First, I survey ideas of translation, intersemiosis, and intermediality drawing on the work of European scholars. These include Roman Jakobson and his 1959 definition of intersemiosis as “an interpretation of verbal signs by means of non-verbal sign systems” (Jakobson 2000 : 261). I also draw on “Towards a Model of Inter-semiotic Translation”, by Daniella Aguiar and Joao Queiroz, who suggest the concept of “creative sign transmutation” (2009). Second, I discuss the collaborations of the US calligraphic artist and book illuminator Thomas Ingmire. Inviting US and UK poets to collaborate with him by writing poems in response to sheets of calligraphic marks, Ingmire then produces highly artistic, calligraphic versions of the poems. In the example I discuss, the poem was then produced as an artist’s book by a Japanese artist using ancient paper-folding and bookmaking techniques. Finally, a Japanese composer produced a musical composition in response to the poem and the artist’s book. It could be argued that poetry written in response to calligraphic marks is at the very limits of both mimesis and ekphrasis. However, I argue that it is precisely at such limits that intermediality begins to happen. The article concludes with David Annwn’s proposal of new categories of ekphrasis.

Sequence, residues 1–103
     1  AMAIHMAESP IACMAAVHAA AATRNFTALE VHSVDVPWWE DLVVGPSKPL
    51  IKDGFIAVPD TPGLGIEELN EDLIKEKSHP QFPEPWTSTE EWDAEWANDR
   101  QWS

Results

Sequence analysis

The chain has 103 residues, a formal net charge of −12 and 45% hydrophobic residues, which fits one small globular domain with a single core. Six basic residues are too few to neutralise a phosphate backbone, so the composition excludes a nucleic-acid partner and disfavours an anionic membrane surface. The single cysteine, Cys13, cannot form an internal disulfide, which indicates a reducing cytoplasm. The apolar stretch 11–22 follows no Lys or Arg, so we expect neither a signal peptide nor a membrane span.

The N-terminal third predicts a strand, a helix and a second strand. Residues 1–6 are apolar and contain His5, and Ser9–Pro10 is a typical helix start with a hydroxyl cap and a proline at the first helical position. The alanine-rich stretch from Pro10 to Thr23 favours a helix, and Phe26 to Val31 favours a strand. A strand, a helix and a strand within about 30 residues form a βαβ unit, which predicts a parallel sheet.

Research Article|June 01 2018
David Kennedy; Ink & After: Ekphrasis, Intermediality, Intersemiosis, and the Collaborative Chains of Thomas Ingmire. Poetics Today 1 June 2018; 39 (2): 319–335. doi: https://doi.org/10.1215/03335372-4324481
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